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Tagged: DQR; Analysis and use
- This topic has 4 replies, 4 voices, and was last updated 5 years, 6 months ago by Robert Pond.
September 25, 2017 at 3:17 pm #730Aimee SilvaKeymaster
The WHO DQR approach reviews 4 aspects of data quality: a) Completeness/timeliness; b) Internal consistency (plausibility); c) External consistency (comparison with survey estimates); and d) Consistency of Denominator Estimates. Which of these have you reviewed? Which of these aspects of data quality have you not reviewed? What additional aspects of data quality do you think should be reviewed?
September 27, 2017 at 1:50 pm #738David BooneModerator
One thing that should be noted regarding Domain 3 – External Consistency. Comparisons with population based surveys can be tricky – you have to ensure that the data are truly comparable. Often, surveys take a couple of years to compile and publish so the values you are using are already quite dated relative to the routine data. Also, population-based surveys cover the whole population, while routine values from HMIS only cover the people who avail themselves of facilities that report to the HMIS (which often exclude many private health facilities) – not the whole population. In addition, survey aggregation units may not be the same as administrative units used to aggregate the routine data. All these factors should be considered when comparing the routine values to population-based survey values.
Anyone have experience conducting such comparisons and best practices they can share to facilitate them?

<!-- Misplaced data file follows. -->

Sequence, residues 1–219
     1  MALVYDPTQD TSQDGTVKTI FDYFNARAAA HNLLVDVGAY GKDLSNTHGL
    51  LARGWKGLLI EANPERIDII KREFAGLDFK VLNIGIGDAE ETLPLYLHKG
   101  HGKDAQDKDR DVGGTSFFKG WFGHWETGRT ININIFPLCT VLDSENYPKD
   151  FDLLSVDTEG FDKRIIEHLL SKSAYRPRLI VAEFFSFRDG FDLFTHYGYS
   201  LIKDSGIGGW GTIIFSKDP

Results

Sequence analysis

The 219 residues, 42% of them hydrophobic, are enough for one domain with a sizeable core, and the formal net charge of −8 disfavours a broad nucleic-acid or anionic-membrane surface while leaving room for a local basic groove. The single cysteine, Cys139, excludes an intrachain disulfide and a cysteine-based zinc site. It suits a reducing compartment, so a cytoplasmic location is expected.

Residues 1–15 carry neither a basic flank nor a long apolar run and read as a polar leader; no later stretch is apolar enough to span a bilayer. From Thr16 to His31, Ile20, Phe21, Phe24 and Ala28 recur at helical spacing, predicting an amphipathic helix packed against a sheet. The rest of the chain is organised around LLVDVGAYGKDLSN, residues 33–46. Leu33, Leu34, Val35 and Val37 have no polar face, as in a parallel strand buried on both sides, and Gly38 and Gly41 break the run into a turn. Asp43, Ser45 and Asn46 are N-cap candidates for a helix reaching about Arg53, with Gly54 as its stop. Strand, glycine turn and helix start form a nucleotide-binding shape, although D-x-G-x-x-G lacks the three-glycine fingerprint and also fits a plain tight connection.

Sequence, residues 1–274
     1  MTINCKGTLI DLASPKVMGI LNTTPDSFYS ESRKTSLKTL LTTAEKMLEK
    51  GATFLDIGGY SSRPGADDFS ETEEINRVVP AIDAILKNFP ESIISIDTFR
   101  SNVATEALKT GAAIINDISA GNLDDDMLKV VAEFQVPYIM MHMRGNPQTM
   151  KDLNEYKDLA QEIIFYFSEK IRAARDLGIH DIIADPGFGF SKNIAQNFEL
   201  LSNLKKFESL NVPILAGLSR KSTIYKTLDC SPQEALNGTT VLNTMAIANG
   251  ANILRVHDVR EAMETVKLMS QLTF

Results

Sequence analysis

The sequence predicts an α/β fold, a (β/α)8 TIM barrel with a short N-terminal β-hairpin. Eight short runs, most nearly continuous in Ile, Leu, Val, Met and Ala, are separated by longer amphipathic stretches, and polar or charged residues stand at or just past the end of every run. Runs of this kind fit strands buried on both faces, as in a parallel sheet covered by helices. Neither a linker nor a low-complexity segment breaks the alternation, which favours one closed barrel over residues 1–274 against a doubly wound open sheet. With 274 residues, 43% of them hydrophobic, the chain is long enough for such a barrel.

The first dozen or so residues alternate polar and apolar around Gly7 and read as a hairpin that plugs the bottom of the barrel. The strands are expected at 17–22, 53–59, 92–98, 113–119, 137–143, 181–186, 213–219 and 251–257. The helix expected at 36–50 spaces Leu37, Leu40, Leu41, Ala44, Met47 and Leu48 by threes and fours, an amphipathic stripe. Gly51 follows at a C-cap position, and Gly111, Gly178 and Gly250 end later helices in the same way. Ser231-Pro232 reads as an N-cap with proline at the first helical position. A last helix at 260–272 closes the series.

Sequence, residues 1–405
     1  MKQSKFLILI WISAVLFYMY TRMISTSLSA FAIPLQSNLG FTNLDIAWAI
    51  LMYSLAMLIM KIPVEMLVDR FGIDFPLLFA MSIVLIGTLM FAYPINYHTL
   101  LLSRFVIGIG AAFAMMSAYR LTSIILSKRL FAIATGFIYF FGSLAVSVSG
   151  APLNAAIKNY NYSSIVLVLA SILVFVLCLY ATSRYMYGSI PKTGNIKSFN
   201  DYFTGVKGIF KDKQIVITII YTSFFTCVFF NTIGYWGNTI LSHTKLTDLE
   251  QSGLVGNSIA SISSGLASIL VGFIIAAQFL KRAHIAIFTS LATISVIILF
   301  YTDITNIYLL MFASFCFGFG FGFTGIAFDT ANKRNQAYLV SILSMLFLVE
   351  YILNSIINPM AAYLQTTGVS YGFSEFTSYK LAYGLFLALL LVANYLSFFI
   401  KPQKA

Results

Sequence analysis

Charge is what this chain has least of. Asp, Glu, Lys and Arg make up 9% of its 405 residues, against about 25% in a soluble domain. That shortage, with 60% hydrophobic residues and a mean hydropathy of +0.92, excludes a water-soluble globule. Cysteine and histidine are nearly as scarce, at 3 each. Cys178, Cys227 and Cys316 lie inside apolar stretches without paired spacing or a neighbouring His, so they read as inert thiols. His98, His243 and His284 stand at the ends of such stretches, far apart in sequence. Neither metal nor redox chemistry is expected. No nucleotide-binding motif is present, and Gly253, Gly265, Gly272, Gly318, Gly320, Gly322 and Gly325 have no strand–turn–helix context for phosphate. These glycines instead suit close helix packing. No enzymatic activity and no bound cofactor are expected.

September 27, 2017 at 2:00 pm #739Robert PondModerator
These are important points to keep in mind when attempting to compare routine coverage estimates with survey coverage estimates.
WHO and UNICEF meet once each year to compare, for over 150 countries, the routine estimates of immunization coverage with the survey estimates and information from other sources. Their annual comparison graphs for each country can be downloaded from the following website: http://apps.who.int/immunization_monitoring/globalsummary/wucoveragecountrylist.html
September 29, 2017 at 4:40 am #750Jean Pierre de LamalleModerator
Looking at the two first domains a) Completeness/timeliness, b) Internal consistency (plausibility) are actually normal and routine steps of any analysis of a data set. So if, within the district, monthly meeting are organized to analyse data and actually use them for concrete decisions, or if supervision are conducted regularly, outliers such those that you have shown, bob, should be corrected right away and not appear in the national data base. The point that I would like to make is that before data quality verification at te level of a national survey, the actual use of the information is the first condition for data quality.
September 29, 2017 at 12:43 pm #753Robert PondModerator
Absolutely. Improved data quality will follow directly from analysis and use. However, we have a chicken and egg situation. Review of many HMIS datasets shows that there are significant issues with incompleteness of data and/or implausible data. This discourages users from analyzing and using the data.
I would suggest that data quality review be conducted simultaneously with analysis and use — including at sub-national levels.
Both processes (DQR and analysis) can be largely automated with a data management system like DHIS2. The impact of both processes depends upon active interpretation of the findings by multiple stakeholders — something that can never be automated.
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